And thank goodness for that, because The Force Awakens is every bit as exciting and engrossing as its greatest fans had hoped. In it, Abrams has managed to pull off a truly impressive feat - satisfying old and new devotees, producing a story that is instantly recognisable as a carbon(ite) copy of the original trilogy, but one that is simply so much fun to watch that all concerns of repetition are banished. In lesser hands this could have been tedious, but Abrams knows the right elements and how to arrange them expertly.
Key to reinvigorating the franchise (ugh) is the casting. The new, young castmembers are uniformly excellent and potential major stars in the waiting, with Daisy Ridley in particular standing out for her steely determination and old-fashioned pluck as the scavenger Rey from the quite-like-Tatooine-actually desert world of Jakku. With the stars of the original trilogy aging gracefully, it was definitely time to both give them their moment in the spotlight and then move on to the boisterous energy of new-found heroes like Ridley, John Boyega, Oscar Isaac and Adam Driver.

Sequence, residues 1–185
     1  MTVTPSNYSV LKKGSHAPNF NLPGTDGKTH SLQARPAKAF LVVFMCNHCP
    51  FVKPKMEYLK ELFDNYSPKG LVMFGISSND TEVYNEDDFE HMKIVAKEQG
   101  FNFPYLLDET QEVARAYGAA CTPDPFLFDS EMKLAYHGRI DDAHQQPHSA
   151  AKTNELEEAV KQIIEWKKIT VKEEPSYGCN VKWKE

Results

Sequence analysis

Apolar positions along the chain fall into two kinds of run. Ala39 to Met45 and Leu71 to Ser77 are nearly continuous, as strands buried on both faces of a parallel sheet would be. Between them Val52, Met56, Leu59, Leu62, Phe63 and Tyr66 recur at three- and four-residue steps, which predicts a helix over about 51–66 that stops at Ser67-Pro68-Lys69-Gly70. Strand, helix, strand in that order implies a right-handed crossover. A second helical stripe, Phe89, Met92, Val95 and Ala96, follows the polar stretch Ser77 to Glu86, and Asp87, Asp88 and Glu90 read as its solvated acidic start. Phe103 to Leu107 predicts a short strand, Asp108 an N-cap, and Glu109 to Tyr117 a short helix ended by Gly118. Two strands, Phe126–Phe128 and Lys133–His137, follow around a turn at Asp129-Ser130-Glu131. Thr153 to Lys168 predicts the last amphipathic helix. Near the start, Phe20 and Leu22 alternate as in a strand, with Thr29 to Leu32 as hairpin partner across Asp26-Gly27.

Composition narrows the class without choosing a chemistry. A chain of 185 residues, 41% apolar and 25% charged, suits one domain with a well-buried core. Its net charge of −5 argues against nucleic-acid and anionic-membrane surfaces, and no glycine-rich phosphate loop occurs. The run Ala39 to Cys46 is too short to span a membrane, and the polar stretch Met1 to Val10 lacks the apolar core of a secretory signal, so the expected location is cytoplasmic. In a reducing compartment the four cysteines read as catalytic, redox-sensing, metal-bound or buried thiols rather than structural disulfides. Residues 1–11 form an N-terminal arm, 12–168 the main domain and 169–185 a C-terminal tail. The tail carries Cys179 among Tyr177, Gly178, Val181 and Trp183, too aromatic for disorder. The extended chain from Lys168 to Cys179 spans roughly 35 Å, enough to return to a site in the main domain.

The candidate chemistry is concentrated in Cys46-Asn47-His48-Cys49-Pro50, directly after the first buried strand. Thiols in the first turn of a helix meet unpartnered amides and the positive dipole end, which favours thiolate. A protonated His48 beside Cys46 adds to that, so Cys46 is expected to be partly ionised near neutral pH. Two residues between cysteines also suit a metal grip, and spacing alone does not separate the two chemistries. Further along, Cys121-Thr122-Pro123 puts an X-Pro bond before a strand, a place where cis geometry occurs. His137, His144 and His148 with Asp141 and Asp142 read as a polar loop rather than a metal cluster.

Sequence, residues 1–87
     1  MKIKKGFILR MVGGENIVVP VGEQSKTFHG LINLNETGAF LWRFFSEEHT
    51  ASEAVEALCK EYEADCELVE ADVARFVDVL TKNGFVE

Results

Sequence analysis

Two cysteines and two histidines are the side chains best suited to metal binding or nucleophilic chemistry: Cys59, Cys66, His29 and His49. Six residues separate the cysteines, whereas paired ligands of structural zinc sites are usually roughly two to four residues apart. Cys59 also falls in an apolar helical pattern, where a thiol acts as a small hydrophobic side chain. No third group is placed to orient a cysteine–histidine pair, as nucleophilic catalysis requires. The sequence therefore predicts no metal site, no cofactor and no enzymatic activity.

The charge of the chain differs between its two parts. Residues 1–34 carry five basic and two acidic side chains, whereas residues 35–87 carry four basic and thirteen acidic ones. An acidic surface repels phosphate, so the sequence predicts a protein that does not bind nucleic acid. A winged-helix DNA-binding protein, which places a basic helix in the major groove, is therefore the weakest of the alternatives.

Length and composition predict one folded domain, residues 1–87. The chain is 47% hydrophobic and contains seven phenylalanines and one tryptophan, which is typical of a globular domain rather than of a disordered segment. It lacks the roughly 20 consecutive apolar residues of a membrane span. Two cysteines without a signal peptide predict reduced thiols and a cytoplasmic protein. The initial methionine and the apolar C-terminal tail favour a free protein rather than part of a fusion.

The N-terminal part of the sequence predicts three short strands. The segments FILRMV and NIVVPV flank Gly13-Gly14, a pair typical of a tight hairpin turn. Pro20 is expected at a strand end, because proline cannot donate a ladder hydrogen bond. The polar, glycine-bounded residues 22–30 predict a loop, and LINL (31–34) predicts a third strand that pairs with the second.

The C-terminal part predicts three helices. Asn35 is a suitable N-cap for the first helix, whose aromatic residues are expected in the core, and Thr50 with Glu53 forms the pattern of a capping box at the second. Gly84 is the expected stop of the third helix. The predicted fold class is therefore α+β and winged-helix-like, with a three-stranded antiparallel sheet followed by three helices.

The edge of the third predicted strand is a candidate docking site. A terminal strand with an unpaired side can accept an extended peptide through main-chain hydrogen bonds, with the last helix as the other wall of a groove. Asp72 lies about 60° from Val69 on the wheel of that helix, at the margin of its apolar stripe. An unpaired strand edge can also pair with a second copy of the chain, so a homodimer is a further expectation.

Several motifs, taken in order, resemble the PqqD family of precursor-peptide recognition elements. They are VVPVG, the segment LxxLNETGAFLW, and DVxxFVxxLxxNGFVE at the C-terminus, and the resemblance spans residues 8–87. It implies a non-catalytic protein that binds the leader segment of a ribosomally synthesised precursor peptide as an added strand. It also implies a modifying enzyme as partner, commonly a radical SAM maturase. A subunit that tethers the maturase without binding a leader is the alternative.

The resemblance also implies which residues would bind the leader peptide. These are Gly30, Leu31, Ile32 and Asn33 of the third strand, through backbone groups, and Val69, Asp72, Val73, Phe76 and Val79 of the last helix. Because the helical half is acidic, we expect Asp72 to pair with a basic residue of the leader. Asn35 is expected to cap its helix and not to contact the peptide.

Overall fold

The remarkable skill of the filmmaker shows in the sense of momentum onscreen, which never flags despite a 135-minute running time. There's so much plot that it feels as if two whole films have elapsed by the time you reach the end, but it never commits the ultimate sin of being boring at any point. And it's such a relief to see a major sci-fi epic that understands the importance of providing strong female lead roles and a truly multicultural cast.
Half a star knocked off for the familiar storyline and for the unforgivably naff villain name ('Supreme Leader Snoke'?!) but realistically no-one should quibble with entertainment this powerful. See it in the best cinema you can, and then see it again, because you'll definitely want to!
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